For the world's most valuable soccer teams, success means turning victories on the pitch into dollars at the bank.
No team has done this as well as Real Madrid, which has usurped Manchester United's long-held title as the most valuable soccer team in the world. This year marks the first time since Forbes began tracking the value of soccer teams in 2004 that Manchester United has not ranked first. It is not that the Red Devils have faltered. It is just that Los Merengues are simply bigger, more profitable and growing faster than Manchester United.
Real Madrid, which posted revenue of $650 million during the 2011-12 season, is worth $3.3 billion, more than any team in the world. Los Merengues generated operating income (earnings before interest, taxes, depreciation and amortization and player trading) of $134 million, more than any soccer team and second only to the NFL's Dallas Cowboys ($227 million) among all sports teams.
Thanks to rich sponsorship deals that are underpinned by the team's storied history of trophies--a record nine Champions League titles and 32 domestic championships--and star players that were or are global themselves--Raul Blanco, David Beckham, Ronaldo Lima, Cristiano Ronaldo--Real Madrid's revenue has increased 62% over the past three years with an average operating margin of 28%. More cash is coming to Madrid: Dubai's Emirates Airline is close to signing a long-term, $39 million-a-year shirt sponsorship deal with the team.
Manchester United, ranked second on our list with a $3.17 valuation, has been a great investment for Malcolm Glazer since the billionaire bought control of the team in 2005 for $1.47 billion. Glazer sold shares of England's most iconic soccer team--which has a record 19 Premiership titles and three Champions League trophies--to the public last August, and those who bought in, included legendary investor George Soros, have been richly rewarded. Most recently trading at $17, shares of the soccer team have outperformed the S&P 500 by better than tw0-to-one since the IPO.
Main reason: Manchester United has also been scoring with its powerful global brand. Just prior to its IPO the Red Devils signed a $559 million, seven-year shirt sponsorship deal with Chevrolet that will begin with the 2014-15 season. In April, Manchester United, sold the naming rights to its training ground as part of a sponsorship deal with insurance firm Aon for an estimated $230 million over eight years.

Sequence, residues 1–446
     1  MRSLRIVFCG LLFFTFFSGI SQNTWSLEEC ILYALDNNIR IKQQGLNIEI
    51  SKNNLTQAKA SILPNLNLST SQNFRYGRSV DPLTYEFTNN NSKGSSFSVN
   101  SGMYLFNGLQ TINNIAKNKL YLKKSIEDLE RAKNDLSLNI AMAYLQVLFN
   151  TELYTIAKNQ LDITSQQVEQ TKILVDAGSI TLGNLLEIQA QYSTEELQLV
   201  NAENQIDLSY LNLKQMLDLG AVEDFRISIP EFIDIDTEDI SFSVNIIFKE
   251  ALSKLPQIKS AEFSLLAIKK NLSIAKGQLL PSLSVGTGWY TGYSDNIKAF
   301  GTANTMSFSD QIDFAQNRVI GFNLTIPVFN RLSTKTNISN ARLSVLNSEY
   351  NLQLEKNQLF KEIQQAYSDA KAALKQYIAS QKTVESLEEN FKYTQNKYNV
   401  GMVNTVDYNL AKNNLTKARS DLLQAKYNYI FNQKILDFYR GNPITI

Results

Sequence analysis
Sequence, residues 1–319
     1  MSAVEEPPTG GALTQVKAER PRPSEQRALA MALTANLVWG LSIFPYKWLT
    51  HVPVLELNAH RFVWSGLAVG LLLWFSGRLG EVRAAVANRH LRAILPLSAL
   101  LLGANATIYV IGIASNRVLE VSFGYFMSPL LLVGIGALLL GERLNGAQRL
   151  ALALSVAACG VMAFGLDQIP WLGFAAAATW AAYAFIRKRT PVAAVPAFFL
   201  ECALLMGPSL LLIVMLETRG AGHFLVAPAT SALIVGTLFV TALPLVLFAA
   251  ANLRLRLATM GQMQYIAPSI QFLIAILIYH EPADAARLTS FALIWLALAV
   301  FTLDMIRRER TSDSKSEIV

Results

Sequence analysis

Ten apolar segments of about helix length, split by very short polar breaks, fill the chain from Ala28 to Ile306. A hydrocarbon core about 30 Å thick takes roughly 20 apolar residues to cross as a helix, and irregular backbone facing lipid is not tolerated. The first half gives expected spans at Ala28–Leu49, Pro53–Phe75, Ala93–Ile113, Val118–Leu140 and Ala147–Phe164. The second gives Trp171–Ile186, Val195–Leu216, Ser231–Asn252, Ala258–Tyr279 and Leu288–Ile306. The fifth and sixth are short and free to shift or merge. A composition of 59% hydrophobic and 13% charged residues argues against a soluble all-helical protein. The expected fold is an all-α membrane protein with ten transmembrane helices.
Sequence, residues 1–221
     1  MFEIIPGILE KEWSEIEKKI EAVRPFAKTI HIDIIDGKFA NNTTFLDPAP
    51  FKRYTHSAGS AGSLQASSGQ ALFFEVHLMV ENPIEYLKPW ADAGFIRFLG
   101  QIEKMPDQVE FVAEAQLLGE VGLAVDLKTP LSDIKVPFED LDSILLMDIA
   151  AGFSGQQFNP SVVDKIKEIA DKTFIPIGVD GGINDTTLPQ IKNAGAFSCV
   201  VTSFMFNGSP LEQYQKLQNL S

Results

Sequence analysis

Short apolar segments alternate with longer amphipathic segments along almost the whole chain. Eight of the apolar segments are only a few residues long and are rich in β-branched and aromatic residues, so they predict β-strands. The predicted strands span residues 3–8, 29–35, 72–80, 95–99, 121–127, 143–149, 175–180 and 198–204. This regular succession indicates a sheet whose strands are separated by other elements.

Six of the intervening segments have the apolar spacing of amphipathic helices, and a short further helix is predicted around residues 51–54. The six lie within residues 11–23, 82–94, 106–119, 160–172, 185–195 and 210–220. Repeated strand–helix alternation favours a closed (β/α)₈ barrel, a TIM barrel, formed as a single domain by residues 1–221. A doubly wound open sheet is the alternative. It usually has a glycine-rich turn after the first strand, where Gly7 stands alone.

In hot pursuit of Real Madrid and Manchester United is Barcelona. Barca's value doubled over the past year, the biggest increase of any top 20 team, to $2.6 billion. Barcelona's revenue have increased 19% over the past three seasons, to $613 million in 2011-12.
Led by Lionel Messi, the sport's most prolific scorer, Barcelona is on the verge of coming in first in La Liga this season and captured consecutive domestic titles from 2009 through 2011. It also won the Champions League in 2006, 2009 and 2011. The Spanish powerhouse has parlayed the stellar results into a $38 million-a-year kit deal with Nike and its first ever corporate shirt sponsorship with Qatar Airways, worth $45 million a year through the 2015-16 season.
The top 20 teams are worth an average of $968 million, an increase of 26% over last year. Forbes’ team values are enterprise values (equity plus debt) that are based on multiples of revenue that teams get from television, premium seating, media, licensing, merchandise and concessions. On average, the world’s 20 most valuable soccer teams posted operating income (earnings before interest, taxes, depreciation and amortization) of $42 million for the 2011-12 season, $3 million less than the previous year.
Real Madrid ($3.3 bil.), Manchester United ($3.17 bil), and Barcelona ($2.6 bil.), now command the top three spots among all teams in the world, followed by the New York Yankees ($2.30 bil.) and Dallas Cowboys $($2.1 bil.).
Overall, the Barclays Premier League is the richest in soccer as teams without the marketing cachet of Manchester United are getting much richer thanks to the league's new television deals. Last year, the Premier League sold its live television broadcast rights to BSkyB and BT for a total of $4.7 billion beginning with the 2013-14 season, more than twice its current deal.
Also, NBC has secured the U.S. broadcast rights beginning next season for $250 million over three years, just under four times what Fox and ESPN currently pay for the rights. By the time all the broadcast deals are completed for the Premier League, total broadcast rights could top $6 billion (overseas rights are shared equally among all 20 Premier League teams while domestic revenue is allocated on a sliding scale based on league position and the number of television appearances).
We factored these new television deals into our valuations, which in part is why five of the top 10 spots on our list belong to English teams. Arsenal, valued at $1.33 billion, ranks fourth, Chelsea ranks seventh at $901 million, Manchester City, worth $689 million, landed in the ninth spot, and Liverpool, valued $651 million, ranks 10th.
New entry: Brazil's Corinthians Paulista. Ranked 16 with a value of $358 million, the Corinthians are the first non-European team to ever qualify for our top 20 list. The team, which won the Brazilian championship in 2011 and the Brazilian Cup in 2012, has been very creative recently when it comes to capitalizing on its brand as well as the popularity of other sports.
In 2011, the Corinthians launched the first Brazilian television channel dedicated to a sports team, TV Corinthians. The same year Timão made an unprecedented move by sponsoring Brazilian mixed martial artist Anderson Silva at a UFC event in Rio de Janeiro. Sponsors have taken notice: The Corinthians recently inked a $14 million-a-year shirt deal with Caixa Economica Federal. Hosting the FIFA World Cup next year will heap even more attention on Brazilian soccer.